TIME Capital Punishment

Missouri Executes Man for Rape and Murder of Teen

Convicted killer Michael Taylor is shown in this Missouri Department of Corrections photo
Missouri Department of Corrections/Reuters Convicted killer Michael Taylor is shown in this Missouri Department of Corrections photo released on Feb. 25, 2014.

Michael Taylor was officially pronounced dead 10 minutes after midnight

A Missouri man who was convicted of abducting, raping and killing a Kansas City teenager while she waited for a school bus in 1989 was executed early Wednesday morning.

Michael Taylor was pronounced dead at 12:10 am at the state prison in Bonne Terre, Mo. after being put to death by lethal injection. His attorneys had filed last-minute appeals arguing that the execution drug the state purchased from a compounding pharmacy could cause inhumane pain and suffering. The AP reports that Taylor gave no final statement and showed no obvious signs of distress.

In March 1989, Taylor and another man, Roderick Nunley, abducted 15-year-old Ann Harrison as she waited in her driveway for the school bus. The two men raped Harrison and, fearing she could identify them, stabbed her 10 times with kitchen knives. They left her body in the trunk of a stolen car, which was found the next day. DNA evidence later linked the pair with the crime. Nunley remains on death row with appeals pending.

Taylor’s execution is the fourth in Missouri in as many months. For years, the state used a three-drug combination for executions, but recently switched to lethal injection drug pentobarbital and has relied on largely-unregulated compounding pharmacies to obtain the drugs after pharmaceutical companies refused to sell them to be used in executions.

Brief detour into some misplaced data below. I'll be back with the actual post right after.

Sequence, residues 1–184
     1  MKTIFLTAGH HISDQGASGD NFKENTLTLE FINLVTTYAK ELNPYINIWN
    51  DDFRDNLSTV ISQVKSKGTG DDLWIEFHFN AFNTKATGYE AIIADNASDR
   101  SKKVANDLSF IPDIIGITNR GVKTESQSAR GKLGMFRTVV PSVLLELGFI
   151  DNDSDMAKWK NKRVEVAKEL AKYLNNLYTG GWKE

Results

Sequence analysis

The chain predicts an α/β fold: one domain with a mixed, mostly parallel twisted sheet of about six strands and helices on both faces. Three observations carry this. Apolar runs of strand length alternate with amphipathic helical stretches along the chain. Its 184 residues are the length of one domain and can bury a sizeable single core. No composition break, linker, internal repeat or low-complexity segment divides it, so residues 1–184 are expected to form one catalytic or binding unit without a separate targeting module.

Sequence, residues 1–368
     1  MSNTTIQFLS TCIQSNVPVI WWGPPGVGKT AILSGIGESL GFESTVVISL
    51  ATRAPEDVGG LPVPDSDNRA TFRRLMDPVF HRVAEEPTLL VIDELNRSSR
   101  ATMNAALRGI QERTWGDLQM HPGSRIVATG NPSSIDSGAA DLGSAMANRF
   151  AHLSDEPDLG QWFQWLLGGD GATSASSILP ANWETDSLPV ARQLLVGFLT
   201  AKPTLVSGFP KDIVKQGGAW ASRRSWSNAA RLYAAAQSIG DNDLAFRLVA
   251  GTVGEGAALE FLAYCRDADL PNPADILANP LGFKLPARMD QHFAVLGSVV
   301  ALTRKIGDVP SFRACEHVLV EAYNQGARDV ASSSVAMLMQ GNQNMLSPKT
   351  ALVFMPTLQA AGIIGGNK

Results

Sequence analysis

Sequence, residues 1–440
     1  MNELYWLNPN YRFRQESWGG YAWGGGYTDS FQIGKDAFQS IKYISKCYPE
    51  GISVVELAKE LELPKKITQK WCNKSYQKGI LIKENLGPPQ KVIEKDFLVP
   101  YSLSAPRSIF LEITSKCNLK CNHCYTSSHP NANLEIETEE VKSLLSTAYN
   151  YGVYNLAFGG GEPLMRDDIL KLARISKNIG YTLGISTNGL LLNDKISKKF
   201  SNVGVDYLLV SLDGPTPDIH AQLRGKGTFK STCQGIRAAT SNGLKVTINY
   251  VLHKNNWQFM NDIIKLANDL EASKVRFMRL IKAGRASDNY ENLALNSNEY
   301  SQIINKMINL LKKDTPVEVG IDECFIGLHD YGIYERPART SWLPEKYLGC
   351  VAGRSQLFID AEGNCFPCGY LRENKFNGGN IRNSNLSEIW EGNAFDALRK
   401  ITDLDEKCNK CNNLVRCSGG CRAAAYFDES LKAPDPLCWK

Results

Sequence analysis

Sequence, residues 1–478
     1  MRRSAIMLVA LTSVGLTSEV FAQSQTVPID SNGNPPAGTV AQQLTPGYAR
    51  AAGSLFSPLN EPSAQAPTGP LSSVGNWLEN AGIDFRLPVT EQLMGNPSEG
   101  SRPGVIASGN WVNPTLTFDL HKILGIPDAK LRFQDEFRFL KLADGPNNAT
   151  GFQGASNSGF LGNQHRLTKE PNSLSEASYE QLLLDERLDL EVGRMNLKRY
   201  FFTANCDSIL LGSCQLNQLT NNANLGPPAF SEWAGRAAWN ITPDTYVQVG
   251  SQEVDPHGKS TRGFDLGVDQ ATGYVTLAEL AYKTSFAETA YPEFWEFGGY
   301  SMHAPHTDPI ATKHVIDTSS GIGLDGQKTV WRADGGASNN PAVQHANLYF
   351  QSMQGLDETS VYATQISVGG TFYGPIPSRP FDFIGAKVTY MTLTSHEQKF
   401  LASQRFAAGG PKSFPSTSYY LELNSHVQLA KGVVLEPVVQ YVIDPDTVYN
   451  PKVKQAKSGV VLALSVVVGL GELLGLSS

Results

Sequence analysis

A few weeks ago, Taylor’s lawyers sued The Apothecary Shoppe, a compounding pharmacy in Tulsa, Okla., which planned to sell pentobarbital to the Missouri Department of Corrections. The pharmacy agreed not to manufacture the drugs for the state, but Missouri obtained the drugs elsewhere and did not disclose their source. Taylor’s lawyers then filed a last-minute appeal, which questioned the use of an unnamed pharmacy to obtain the drug; however, the state’s execution protocol allows for the manufacturer of the drug to remain anonymous.

Harrison’s father and two of her uncles witnessed Taylor’s execution and declined to give a public statement.


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